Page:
2.1). LANDMARK JUDGEMENT-:
To get a better understanding of the second category, we first need to understand the landmark case of ‘Buckle vs. Holmes1’; in this case the defendant’s cat entered the plaintiff’s premises and killed thirteen pigeons and two bantams, in this case since the cat is an animal harmless by nature to human kind, the question was that, whether the killing of the birds was its vicious propensity and if it was whether the owner was aware of such propensity. The court held that animals belonging to this class such as; dogs, cats, horses, cows etc. are not naturally dangerous, but sometimes develop dangerous propensities which if the owner is aware of is to be held liable. But, until and unless they are acting according to their natural instinct the owner is not to be held liable. Animals such as cats and dogs are in their natural course of
1Buckle vs. Holmes, (1926) 2 K.B. 125, (Leeds, K.B. 1926).
action straying around, the owner cannot be held liable for damages done in this course until and unless negligence is proven. In this case also the cat killed the birds but it was in its natural instinct to kill other small animals, the plaintiff failed to prove any vicious propensity of the cat or the negligence on the side of the owner. That is why the judgement dismissed the petition. This is a landmark case because it provides correct classification of animals harmless by nature, and establishes that animals acting according to their natural instinct cannot make their owners liable for any damage done thereof, and this case also correctly differentiates between vicious and natural propensities.
To conclude the law governing liability for animals one can always quote lord Simons, in reading vs. Lyons and co. ltd. “the law of torts has grown up historically in separate compartments, and beasts have travelled in a compartment of their own”. Although there might be further classification of these compartments as this series suggests, but the gist of this line is that, animal liability is an important segment of the law of tort. And, in this important segment the scienter rule holds a special place because of its broad applicability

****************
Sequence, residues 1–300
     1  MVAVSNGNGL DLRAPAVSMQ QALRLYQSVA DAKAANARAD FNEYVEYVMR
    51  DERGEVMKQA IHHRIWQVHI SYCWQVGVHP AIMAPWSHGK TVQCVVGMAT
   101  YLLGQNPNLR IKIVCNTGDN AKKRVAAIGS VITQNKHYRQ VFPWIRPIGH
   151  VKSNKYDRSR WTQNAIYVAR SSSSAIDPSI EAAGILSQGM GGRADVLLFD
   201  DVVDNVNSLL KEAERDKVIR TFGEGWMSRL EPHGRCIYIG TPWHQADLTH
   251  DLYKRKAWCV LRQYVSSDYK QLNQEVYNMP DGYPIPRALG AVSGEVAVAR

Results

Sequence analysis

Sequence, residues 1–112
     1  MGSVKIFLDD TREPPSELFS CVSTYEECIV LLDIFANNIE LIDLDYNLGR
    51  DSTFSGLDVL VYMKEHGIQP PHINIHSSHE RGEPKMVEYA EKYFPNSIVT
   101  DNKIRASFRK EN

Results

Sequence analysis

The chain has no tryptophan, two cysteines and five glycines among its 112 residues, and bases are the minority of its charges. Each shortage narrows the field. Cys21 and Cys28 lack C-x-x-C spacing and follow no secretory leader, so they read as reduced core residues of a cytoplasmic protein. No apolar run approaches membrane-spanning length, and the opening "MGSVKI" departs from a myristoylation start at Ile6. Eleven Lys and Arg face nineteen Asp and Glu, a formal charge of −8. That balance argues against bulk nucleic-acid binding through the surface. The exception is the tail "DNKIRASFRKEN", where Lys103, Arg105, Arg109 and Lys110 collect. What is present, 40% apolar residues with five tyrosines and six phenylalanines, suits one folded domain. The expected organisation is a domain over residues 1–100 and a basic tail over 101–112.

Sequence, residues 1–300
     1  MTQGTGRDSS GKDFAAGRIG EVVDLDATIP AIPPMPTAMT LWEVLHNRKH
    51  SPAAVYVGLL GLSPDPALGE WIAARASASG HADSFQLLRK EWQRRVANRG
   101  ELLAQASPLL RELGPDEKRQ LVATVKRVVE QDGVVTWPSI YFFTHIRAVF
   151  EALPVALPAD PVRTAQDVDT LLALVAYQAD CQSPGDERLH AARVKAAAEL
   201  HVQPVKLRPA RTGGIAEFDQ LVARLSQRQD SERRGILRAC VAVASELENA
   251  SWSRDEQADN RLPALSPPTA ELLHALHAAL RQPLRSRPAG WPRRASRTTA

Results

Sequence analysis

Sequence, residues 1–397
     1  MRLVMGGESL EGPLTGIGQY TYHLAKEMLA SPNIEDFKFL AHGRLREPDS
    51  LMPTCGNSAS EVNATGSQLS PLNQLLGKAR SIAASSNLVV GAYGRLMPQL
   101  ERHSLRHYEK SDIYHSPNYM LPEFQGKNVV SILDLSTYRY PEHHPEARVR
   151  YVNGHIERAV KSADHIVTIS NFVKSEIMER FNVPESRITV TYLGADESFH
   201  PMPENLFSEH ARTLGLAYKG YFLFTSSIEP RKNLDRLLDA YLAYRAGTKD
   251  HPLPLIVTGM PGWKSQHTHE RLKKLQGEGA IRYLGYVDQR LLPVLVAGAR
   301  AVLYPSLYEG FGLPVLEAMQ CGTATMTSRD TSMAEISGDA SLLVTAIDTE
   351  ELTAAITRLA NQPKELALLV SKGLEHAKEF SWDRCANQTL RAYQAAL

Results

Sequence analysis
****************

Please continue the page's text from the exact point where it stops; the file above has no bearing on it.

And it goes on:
and universal acceptance. In India, although the law of tort is not codified, but the courts have time and again relied on the scienter rule to impart justice and establish precedents, the rule of scienter is based on the rule of strict liability explained in the case of Ryland’s vs. fletcher, anyone who keeps an animal dangerous in nature keeps at his/her own peril, and will be liable for any damage done by it. This rule also applies to animal non-dangerous in nature but with a condition that the animal should have a vicious propensity and the owner/keeper of the animal is aware about such propensity. The main problem with this rule is the task of differentiating between dangerous and non-dangerous animal, some animals may be considered dangerous in one geographical setup, while the same may not be said as dangerous in another setup. For e.g. an elephant is considered a dangerous animal in England or the west, but in countries like Burma or India, elephants may not be considered as dangerous because some of them are even bred in captivity. To solve this issue the courts in India need to make decisions not based on English laws but by understanding the situation from an Indian perspective, and not completely basing on precedents because this can only be solved by individual judge’s discretion on a case to case basis.
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